VICTORIA - The Liberals launched their minibudget with the normal political spin, proudly proclaiming “Improved Support for Seniors at Heart of Budget Update.”
There was good news for seniors, with an extra $242 million earmarked over the next three years for income and housing supports and long-term care improvements. The main benefits will flow to those with the lowest incomes.
But there was better news for corporations, although it didn’t make the headlines in any press releases. They got another 11.5-per-cent tax cut, a benefit worth almost $360 million over the next three years.
The tax cut came out of the blue. It was never mentioned during the election campaign (but then the Liberals never mentioned plans to cut corporate and personal income taxes by 25 per cent during the 2001 campaign).
And the business community - while generally keen on paying less in taxes - hadn’t placed tax cuts high on its wish list, focusing instead on land use, labour and regulatory issues.
The theory is that lower taxes will encourage businesses to locate here. But even before the latest cut, B.C. had the third lowest tax rate in Canada, after Alberta and New Brunswick. The province was already competitive.
The other big budget commitment, like the tax cut, was not even hinted at in the election campaign.
The government budgeted $100 million this year for a First Nations New Relationships Fund, supporting its effort to build a more effective working relationship.
The Campbell government was already well advanced on its new relationship project during the election campaign, but kept the effort - which is worthwhile - under wraps. First Nations have been promised shared decision-making on land use issues, a chunk of the revenue from development and broad recognition as partners by the provincial government.
The $100 million is intended to help First Nations develop the skills and institutions needed to take on their expanded role. No one is sure what that means; the budget promises a plan by spring.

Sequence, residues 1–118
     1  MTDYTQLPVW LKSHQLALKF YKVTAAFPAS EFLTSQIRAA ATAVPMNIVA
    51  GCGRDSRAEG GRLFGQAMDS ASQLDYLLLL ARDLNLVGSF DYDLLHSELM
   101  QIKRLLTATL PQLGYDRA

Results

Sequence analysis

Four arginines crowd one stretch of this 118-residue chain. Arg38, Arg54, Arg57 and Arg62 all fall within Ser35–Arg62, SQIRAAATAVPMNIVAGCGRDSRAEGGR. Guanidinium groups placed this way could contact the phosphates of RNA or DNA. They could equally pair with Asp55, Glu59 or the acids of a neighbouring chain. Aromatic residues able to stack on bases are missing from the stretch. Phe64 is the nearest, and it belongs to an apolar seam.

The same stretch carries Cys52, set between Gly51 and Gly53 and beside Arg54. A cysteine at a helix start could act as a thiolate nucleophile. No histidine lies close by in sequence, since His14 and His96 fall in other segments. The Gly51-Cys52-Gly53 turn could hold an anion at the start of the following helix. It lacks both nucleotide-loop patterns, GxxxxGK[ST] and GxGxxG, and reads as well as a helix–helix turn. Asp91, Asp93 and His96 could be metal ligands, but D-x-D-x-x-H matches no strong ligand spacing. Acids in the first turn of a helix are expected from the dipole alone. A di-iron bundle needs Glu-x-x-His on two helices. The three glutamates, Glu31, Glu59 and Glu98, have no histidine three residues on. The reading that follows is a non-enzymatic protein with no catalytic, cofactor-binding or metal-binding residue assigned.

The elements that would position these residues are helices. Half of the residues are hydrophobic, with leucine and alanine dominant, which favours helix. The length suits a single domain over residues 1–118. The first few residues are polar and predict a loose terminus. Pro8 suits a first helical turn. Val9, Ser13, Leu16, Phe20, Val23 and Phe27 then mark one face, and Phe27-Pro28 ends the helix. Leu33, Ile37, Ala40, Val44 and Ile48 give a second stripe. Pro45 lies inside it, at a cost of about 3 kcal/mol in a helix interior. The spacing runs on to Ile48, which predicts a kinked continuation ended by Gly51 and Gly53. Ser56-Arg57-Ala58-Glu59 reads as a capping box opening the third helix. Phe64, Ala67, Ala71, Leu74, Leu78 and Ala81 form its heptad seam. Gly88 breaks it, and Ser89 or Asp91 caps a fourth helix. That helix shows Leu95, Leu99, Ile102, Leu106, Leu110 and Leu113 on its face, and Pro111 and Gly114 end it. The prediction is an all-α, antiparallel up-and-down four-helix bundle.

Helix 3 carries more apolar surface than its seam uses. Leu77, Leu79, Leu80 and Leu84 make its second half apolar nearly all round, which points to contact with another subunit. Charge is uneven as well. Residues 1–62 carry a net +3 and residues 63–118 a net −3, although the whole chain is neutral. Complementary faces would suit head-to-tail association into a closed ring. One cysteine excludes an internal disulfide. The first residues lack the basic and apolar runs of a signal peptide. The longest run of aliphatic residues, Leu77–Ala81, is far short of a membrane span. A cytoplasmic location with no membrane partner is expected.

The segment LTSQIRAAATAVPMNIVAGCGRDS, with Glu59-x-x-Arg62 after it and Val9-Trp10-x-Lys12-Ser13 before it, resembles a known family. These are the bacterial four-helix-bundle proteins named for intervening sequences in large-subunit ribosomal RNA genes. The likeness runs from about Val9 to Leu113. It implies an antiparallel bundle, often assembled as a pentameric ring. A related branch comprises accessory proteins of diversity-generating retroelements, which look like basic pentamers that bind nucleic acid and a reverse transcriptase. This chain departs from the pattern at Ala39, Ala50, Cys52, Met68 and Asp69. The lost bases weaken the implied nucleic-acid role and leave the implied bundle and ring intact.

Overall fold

The biggest news in the budget may lie in what wasn’t there.
Taylor’s minibudget acknowledged that the budget introduced in February underestimated government revenues by about five per cent. That means the government had an extra $1.8 billion available to spend on programs, or to fund tax cuts. (That number is still far too conservatives, and understates the likely year-end surplus by some $500 million.)
But the Liberals only increased program spending by another $400 million in the minibudget, with new tax cuts consuming another $400 million.
The Liberals’ overwhelming priority remains paying down the debt., not cutting taxes or improving services. Last year 75 per cent of the surplus money went to debt repayment; the minibudget means a similar commitment is likely this year.
Debt repayment makes sense, as one part of a balanced approach to the finances of the province - or a family.
But the government, by making it the top priority, is running counter to the wishes of British Columbians. A legislative committee on the budget held consultations last year, and reported that the public wanted most of any surplus funds spent to improve health care and other services.
That’s reasonable. B.C.’s debt is relatively small, and easily manageable. Paying it down makes sense, but not at the expense of useful tax cuts, or improved health care. Most people balance their eagerness to pay down their mortgage against the needs of their family today.
The needs exist. A small share of the money going to debt repayment could allow hundreds of hip and knee replacements, or a reduction in MSP premiums, or more money to prepare for the long-term impact of the pine beetle.
The government had decided that paying down the debt is more useful than a grater commitment to any of those.
The budget now goes before the legislature, for the first real scrutiny any government financial plan has received since the Liberals questioned the Dosanjh government’s 2000 budget.
That alone is something to celebrate.
Footnote: The budget includes no money for a teachers’ pay increase. But while the government says it hasn’t worked out a pay mandate for the next round of contract talks with government workers, which start later this year, the budget numbers suggest something like two, two and two is planned. Expect some serious conflicts.